A comprehensive introduction to Traefik v2 with Docker— 20 min read
If you're reading this chances are that you're already running a self-hosted setup using Traefik v1 and been procrastinating on migrating to v2. I've been on the same boat as you but, somehow, I made the move and decided to study Traefik's new architecture and migrate my services over to the newer version.
I can finally brag about my complete collection of 50+ useless self-hosted apps on r/selfhosted without getting downvoted for hosting them on old Traefik.
Jokes aside, this blog post is my attempt at making a comprehensive, step-by-step, straight-forward, no-bullshit introduction to Traefik v2 that I hope will be worth your time and will give you enough confidence to make the move and migrate your setup to the latest version.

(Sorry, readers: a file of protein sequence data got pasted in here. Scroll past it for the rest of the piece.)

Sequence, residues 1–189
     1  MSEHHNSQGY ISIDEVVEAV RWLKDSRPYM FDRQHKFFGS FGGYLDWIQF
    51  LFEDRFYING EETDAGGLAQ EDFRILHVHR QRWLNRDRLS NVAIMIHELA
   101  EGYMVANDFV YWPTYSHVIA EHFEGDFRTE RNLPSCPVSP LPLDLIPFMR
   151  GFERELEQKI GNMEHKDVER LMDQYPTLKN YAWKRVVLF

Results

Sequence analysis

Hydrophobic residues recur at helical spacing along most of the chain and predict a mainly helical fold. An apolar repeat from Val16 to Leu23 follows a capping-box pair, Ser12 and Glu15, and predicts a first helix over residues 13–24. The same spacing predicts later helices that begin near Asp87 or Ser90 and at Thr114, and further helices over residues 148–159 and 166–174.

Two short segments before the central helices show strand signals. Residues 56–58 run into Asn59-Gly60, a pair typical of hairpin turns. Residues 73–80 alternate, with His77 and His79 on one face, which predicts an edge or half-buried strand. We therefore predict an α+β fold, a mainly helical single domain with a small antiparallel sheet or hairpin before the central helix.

Setting up the stage
To better understand the transition from Traefik v1 to v2, let's agree on a simple setup we'll be implementing in both old and new Traefik, and see how they compare to each other. Below are our simple requirements for exposing a simple echo service on the internet behind a reverse proxy:
- The echo service is running as a container based on
- The echo service should be accessible via
- The service is only accessible via HTTPS. If HTTP is used, the request should be redirected to HTTPS.
- Support for Let's encrypt certificates with automatic renewal
The old age of Traefik
Here's how old Traefik worked: There were these 3 concepts called entrypoints, front-ends and back-ends. The first one tells Traefik what ports to listen on, the second one defines routing logic and the latter represents the running containers you wish to expose via Traefik. By attaching specially crafted labels to these containers, you tell Traefik how it should connect the dots between your entrypoints and back-ends. As an added bonus, Traefik can also automatically handles provisioning and management of Let's encrypt certificates with minimal effort.
In old Traefik, our agreed upon requirements can be implemented like this:
First, Traefik's configuration file:
defaultEntryPoints = ["https","http"]
address = ":80" # Listen on port 80